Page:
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Wednesday, Oct. 31, 2007 10:34 am

“Time is running out”

An interview with actor/director Robert Redford

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Untitled Document For a man with an aversion to interviews, Robert Redford certainly has a great deal to say when he sits down for one. Looking trim and fit and exuding a degree of energy that one might not associate with a man of 71 years, the iconic actor and director recently conducted a whirlwind cross-country tour to promote his newest film, Lions for Lambs, an engaging and challenging anti-war movie that’s bears more resemblance to the progressive brand of filmmaking of the 1970s than the disposable sort of entertainment of today’s Hollywood. Redford knows that this film, which co-stars Meryl Streep and Tom Cruise, is an anachronism, so he’s agreed to an unusual promotional strategy, showing it on select college and university campuses across the country and engaging in question-and-answer sessions with students afterward. It’s obvious that he’s been energized by the experience of rubbing elbows with a section of the moviegoing audience that’s likely to ask, “Who’s that?” when they hear his name.
“I don’t want to black-cat myself, but they’ve been good,” Redford says when asked about the screenings. “A kid at Berkeley said, ‘You know, it’s not like we’re apathetic; it’s just that we don’t know where to go or what to do.’ I thought that was interesting, and I was wondering why that was the case. Do we have too much information, are there too many options, or what? If I were a politician, I’d be looking at this aspect. I didn’t know what to expect from this generation, and I was excited to find that their minds are active and they want to get involved.”
It’s obvious that the screenings have had a positive effect on Redford; he is eager to talk about the film and its reception. However, the notion of how other filmgoers will perceive the movie prompts me to ask whether he is concerned that he’ll just be preaching to the choir where his anti-war sentiments are concerned. “I’ve always thought that I was speaking to some kind of choir, but how big it was I never knew,” he says. “Where people are politically, I don’t know — but I know where I am. I would hope that there are some people out there who’ll say that it’s speaking to how they feel. I hope that it also provokes enough thought to maybe activate people in some way — any way — to act more than they are now, because I do believe that activism is needed in our country right now. Young people need to express a certain rage at a machine that’s killing their future, which should be in their hands, not in the hands of the leaders we have now — but I don’t know the country well enough to know how they will receive it. I don’t really know what the climate of the country is, but in a small way this movie will help me find out.”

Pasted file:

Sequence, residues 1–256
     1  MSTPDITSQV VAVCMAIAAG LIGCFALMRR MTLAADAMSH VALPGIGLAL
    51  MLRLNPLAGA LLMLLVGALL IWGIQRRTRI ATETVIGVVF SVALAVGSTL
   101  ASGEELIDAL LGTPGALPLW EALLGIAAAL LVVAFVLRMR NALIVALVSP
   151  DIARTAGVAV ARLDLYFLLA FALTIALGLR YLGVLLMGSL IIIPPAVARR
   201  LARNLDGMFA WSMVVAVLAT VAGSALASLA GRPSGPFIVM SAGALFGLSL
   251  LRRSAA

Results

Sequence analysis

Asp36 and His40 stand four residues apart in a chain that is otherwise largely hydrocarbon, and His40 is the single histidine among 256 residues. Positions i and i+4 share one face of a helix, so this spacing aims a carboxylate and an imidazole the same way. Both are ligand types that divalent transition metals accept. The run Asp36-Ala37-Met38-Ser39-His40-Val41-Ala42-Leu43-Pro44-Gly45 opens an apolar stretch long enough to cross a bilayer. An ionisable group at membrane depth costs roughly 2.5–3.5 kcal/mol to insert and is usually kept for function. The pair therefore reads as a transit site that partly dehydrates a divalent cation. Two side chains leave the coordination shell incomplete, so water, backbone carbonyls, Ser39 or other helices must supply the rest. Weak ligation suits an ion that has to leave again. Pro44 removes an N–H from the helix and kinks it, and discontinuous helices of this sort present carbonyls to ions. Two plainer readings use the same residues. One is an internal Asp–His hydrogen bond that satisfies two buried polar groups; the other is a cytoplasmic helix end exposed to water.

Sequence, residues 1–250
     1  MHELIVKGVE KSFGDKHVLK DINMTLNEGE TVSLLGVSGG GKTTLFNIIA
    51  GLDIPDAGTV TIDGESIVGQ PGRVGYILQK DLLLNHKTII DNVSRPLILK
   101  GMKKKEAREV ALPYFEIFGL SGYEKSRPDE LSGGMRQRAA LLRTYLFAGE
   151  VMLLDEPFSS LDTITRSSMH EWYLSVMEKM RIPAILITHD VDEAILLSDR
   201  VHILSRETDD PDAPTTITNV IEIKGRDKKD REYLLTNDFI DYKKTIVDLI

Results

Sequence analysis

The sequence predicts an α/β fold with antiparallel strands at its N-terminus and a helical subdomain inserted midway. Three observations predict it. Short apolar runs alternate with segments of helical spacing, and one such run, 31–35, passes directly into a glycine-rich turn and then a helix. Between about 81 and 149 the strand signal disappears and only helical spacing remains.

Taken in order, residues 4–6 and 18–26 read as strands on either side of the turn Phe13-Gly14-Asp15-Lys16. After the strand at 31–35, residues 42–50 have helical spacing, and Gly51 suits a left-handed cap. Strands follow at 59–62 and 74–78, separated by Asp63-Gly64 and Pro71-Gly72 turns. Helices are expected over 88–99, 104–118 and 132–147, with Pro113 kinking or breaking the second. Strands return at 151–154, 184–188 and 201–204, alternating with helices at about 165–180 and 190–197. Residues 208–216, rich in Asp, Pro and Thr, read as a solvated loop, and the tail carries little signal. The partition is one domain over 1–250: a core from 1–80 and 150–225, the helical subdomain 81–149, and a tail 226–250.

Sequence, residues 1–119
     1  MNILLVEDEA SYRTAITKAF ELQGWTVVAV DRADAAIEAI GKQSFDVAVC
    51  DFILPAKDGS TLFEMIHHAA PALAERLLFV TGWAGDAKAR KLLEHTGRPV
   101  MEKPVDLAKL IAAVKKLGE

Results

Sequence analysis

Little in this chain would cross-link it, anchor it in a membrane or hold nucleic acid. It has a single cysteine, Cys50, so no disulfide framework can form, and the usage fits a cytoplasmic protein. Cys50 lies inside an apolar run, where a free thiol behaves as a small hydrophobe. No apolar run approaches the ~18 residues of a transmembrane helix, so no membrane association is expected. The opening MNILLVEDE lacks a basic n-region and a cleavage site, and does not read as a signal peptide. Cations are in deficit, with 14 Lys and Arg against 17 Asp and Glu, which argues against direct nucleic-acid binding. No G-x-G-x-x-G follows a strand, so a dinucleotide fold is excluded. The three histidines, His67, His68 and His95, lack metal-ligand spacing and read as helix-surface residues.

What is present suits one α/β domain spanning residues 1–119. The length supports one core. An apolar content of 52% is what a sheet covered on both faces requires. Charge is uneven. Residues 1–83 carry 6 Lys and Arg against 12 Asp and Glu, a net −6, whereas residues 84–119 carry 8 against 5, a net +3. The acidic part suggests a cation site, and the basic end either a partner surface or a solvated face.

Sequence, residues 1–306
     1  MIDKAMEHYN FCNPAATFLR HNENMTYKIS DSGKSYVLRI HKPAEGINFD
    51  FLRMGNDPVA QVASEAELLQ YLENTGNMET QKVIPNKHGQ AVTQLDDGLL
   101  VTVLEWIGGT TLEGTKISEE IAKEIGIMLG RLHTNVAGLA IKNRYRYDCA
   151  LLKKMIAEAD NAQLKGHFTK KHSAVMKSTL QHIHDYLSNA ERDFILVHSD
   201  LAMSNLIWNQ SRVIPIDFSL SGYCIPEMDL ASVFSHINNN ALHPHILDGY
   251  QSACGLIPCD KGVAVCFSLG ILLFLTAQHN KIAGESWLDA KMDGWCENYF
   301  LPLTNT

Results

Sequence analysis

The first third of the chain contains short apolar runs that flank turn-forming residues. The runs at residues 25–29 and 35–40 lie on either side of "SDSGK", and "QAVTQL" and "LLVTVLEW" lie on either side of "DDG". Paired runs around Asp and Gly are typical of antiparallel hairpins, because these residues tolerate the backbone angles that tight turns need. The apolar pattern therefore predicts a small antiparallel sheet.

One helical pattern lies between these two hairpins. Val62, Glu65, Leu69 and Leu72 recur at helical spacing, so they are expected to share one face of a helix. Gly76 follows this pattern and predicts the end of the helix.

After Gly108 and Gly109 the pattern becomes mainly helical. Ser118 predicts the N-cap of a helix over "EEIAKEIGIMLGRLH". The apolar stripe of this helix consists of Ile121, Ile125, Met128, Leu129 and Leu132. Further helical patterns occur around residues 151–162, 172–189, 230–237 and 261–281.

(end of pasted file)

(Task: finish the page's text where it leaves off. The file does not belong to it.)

As a veteran of various activist movements, Redford has seen a great many cultural shifts. Why have things changed so dramatically? “Well, I think there are a number of factors at play,” he says. “I think one big reason people were mobilized in the ’60s was the draft. I think if there were a draft now this administration would have been toast a long time ago, but that’s why there’s not a draft. Right now it’s just as bad as it was then; as a matter of fact, I think its worse in terms of leadership in this country. Secondly, the climate has changed so much. In terms of the young people today, there are so many options out there and there’s so much noise that the options available to them are obscured. Now, if something were to come up — and I’m not sure it’s not coming up on its own — I think that young people, from those I’ve been talking to at these screenings, are ready to act and do something about this war.”
It’s obvious that Redford is passionate about the issues raised by today’s war. There’s an intensity to Lions for Lambs that’s unlike the vibe of other films he’s directed. It moves much faster than his previous efforts and delivers a visceral impact that leaves the viewer shaken. “The pace of the film was dictated by the material,” Redford says. “After reading the script I felt there had to be a sense of velocity to it, as I had to show three different stories that were happening at the same time. I knew that I couldn’t just have three plotlines that revolved around talking heads in a room, and I knew there was a danger of that happening with this script. However, I didn’t want to give up the words that were being said by the characters, because that’s fodder for something deeper in the film. I always said that this has to be a very short film and move so fast that it would leave the audience wanting to talk about the issues it contains. I also wanted the film to travel at a very fast pace to underscore the notion that our time is running out where options to this war are concerned.
“My fear is that time is running out for all of us, and I hope that this film will make people talk and act about this war so that this fear of mine doesn’t become a reality.”
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